RI Government Not Alone (for what it’s worth…)
Unlike the federal government, states can’t simply run deficits indefinitely. For that reason, they have a powerful duty to pile up surpluses during fat years, which would allow them to make up the revenue that goes missing during lean years. But for many lawmakers, the future extends only to the next election. So any money they have, they feel an insatiable need to lavish on someone.
Politicians are happy to blame the recession for depriving citizens of programs they have come to expect. The recession didn’t create the gap between state government commitments and state government resources. It only exposed it.
In state after state, the government’s take has ballooned. Overall, the average person’s state tax burden has risen by 42 percent since 1999—nearly 50 percent beyond what the state would have needed just to keep spending constant, with allowances for inflation.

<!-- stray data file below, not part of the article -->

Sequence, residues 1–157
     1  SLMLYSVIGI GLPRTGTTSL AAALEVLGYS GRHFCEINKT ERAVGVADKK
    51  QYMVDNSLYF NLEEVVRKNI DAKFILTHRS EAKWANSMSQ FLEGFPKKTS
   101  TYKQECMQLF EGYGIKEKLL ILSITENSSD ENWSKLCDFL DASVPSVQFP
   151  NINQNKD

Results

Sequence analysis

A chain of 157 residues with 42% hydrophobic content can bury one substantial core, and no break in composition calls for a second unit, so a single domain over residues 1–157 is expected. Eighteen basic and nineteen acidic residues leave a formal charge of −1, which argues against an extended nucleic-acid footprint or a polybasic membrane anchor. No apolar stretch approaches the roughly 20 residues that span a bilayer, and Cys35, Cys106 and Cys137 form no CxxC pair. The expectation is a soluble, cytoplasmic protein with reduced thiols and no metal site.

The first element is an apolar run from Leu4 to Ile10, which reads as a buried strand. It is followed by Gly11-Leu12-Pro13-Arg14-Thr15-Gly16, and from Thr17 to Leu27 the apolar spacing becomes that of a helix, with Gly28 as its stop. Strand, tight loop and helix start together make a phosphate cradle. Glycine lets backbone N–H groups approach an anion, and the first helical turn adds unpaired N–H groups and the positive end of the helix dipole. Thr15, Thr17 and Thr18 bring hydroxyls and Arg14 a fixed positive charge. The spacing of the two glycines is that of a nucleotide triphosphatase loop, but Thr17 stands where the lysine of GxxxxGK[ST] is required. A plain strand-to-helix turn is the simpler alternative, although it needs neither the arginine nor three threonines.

Even low-tax states like Texas and Nevada have followed the same course. No one has been inclined to say, “Taxpayers don’t need to send us more money. We’ve got plenty.”
All that growth should have been enough to pay for essential programs and furnish ample reserves, allowing state governments to weather a downturn without major adjustments. But the states put a priority on burning through all the cash they could get. Last year, they spent about 77 percent more than they did 10 years before.
We know that’s true around here. Heck, we even managed to have a budget 12% higher this year! Party-on.